Augmented reality is used for experiential events. It allows you to map virtual content onto the real world, creating immersive experiences. Our Hulkbuster Experience allowed players to control Iron Man by moving their own bodies, with their movements mapped to his. We measured the audience engagement (using our audience monitoring tech), which showed that 20k people played the game, and 205k watched them play.
Brand perception on the part of a consumer plays out at the store shelf. Appeal, disdain or indifference motivate product selection, as the marriage of convenience between brand and retailer works to devise and execute sufficiently capable branding and promotional communications. The arsenal of current shelf-edge instruments is fairly limited, typically including package design, shelf positioning, attractive pricing or some nearby static signs that aim to earn attention.
Beacons use Bluetooth to contact smartphones within a certain radius and trigger notifications. They do however require integration with an app, which can be your own or a third party partner. We can install these on the gondola ends so that when customers with a certain app walk within a set distance they are pushed special offers or more information about the product.
We can print conductive ink onto paper or plastic, with an adhesive layer over the top. This gives the POS capacitive touch capabilities like a smartphone screen, which means the static print can trigger any electronic device. These interactions include LEDs, motors, embedded speakers or even synced mobile apps via Bluetooth.
We provide and install digital signage platforms to fit your requirements. This can include a content management system if remote scheduling of content is necessary, but can also be as simple as providing SD cards to be changed by staff. We can also make your screens interactive using simple touchscreens, or even linking the viewer’s phone to the screen and allowing them to choose the content.
Sound showers play directional sound that can only be heard from a specific spot on the ground. This lets you play music or promotional content without being intrusive to everyone else around. They would work well placed near existing digital screens to use audio for a greater attention grab.
Floor projection is a great way to attract attention and increase dwell time in-store without taking up any extra floorspace. The projections can be interactive, which is very engaging, especially for children. We can also project perspective illusions that create the appearance of a 3D image on the floor. A recent trial in Thailand showed 98% recollection in exit interviews and a dwell time of 2.5 minutes.
Image-recognition apps like Blippar allow us to activate static POS with digital content. Users scan the image with their phones and see digital content overlaid on the real world. Once the content is uploaded, multiple access points can be created for low cost. This means a campaign created for a print magazine can be activated from a poster in-cinema, for example. Scan the image on the right with the Blippar app to see what kind of content is possible.
Using an old technique known as “Pepper’s Ghost” we can create realistic floating holograms within a box. These displays can also be controlled via a tablet, creating an interactive hologram. We usually use them as smaller POS displays, but they can be scaled up for events or live concerts (this technology was used for the famous Tupac appearance at Coachella).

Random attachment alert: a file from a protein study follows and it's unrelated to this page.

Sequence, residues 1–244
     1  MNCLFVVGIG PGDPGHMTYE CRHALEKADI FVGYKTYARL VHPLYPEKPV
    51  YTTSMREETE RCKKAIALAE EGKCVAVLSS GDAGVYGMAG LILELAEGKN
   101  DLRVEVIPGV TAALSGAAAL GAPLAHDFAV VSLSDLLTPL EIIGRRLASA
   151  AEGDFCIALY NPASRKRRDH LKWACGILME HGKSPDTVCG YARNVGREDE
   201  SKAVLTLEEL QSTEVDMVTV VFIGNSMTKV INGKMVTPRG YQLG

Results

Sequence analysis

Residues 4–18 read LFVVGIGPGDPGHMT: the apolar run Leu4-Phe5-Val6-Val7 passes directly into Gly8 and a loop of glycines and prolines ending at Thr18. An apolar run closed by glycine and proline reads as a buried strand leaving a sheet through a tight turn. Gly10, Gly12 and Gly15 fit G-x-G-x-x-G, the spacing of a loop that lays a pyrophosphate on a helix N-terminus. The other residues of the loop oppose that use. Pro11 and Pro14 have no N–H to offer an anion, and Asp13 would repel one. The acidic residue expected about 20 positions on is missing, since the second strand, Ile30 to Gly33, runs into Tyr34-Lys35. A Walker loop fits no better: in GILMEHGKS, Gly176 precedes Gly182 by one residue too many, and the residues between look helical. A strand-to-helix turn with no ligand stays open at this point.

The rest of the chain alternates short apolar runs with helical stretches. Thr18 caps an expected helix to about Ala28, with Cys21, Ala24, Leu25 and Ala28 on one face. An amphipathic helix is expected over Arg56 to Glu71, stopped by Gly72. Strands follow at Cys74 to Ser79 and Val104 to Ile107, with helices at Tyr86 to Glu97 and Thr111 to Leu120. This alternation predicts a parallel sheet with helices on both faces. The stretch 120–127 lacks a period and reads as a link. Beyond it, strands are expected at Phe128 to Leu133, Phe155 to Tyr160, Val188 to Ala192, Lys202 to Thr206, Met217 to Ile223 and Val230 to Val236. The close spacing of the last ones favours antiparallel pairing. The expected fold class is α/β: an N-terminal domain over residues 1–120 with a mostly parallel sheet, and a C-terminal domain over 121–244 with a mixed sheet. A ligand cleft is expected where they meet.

Lenticulars have traditionally had poor viewing angles and lacked depth, but our new versions look incredibly realistic, providing a deep 3D illusion. They can also be printed much larger - up to 3m wide.
Near-field communication is the technology used in contactless payment. It allows us to link consumers to information or engaging online experiences when they tap NFC-enabled POS with their smartphone. NFC tags are cheap and easy to integrate into POS. They don’t require any infrastructure investment as they leverage image: ‘/img/lab/nfc.jpg’the screens everyone carries in their pockets. The content can be changed after a chip is in place, and we can provide data analytics on usage.This can help with compliance, as we know a piece of POS is up in-store once it has been scanned.
We can install a sensor onto POS to measure the numbers and breakdown of passers-by. This allows for different creatives to be A/B tested to discover which works best with each demographic, or draws the most attention. It can also be used to control a digital display (like the holographic unit), showing the most relevant content for the current demographic looking at the POS.
We apply the same projection film we use for windows to small acrylic shapes that fit in retail environments. This allows us to project dynamic eye-catching images on-shelf. Content can range from a rotating bottle of whiskey to an animated Optimus Prime displaying video footage and talking to customers.
Our transparent displays can show content without obscuring whatever is behind the screen. They are usually used as product glorifying boxes, and can be small enough to fit on-shelf or big enough for a store window.
Google Cardboard is a very cheap and scalable way to provide large audiences with virtual reality experiences. The headsets can be branded and given out flatpacked for customers to assemble and use with their own device. YouTube now supports VR videos, which means viewers can simply visit a link and stream the experience, rather than downloading the entire thing via a standalone app.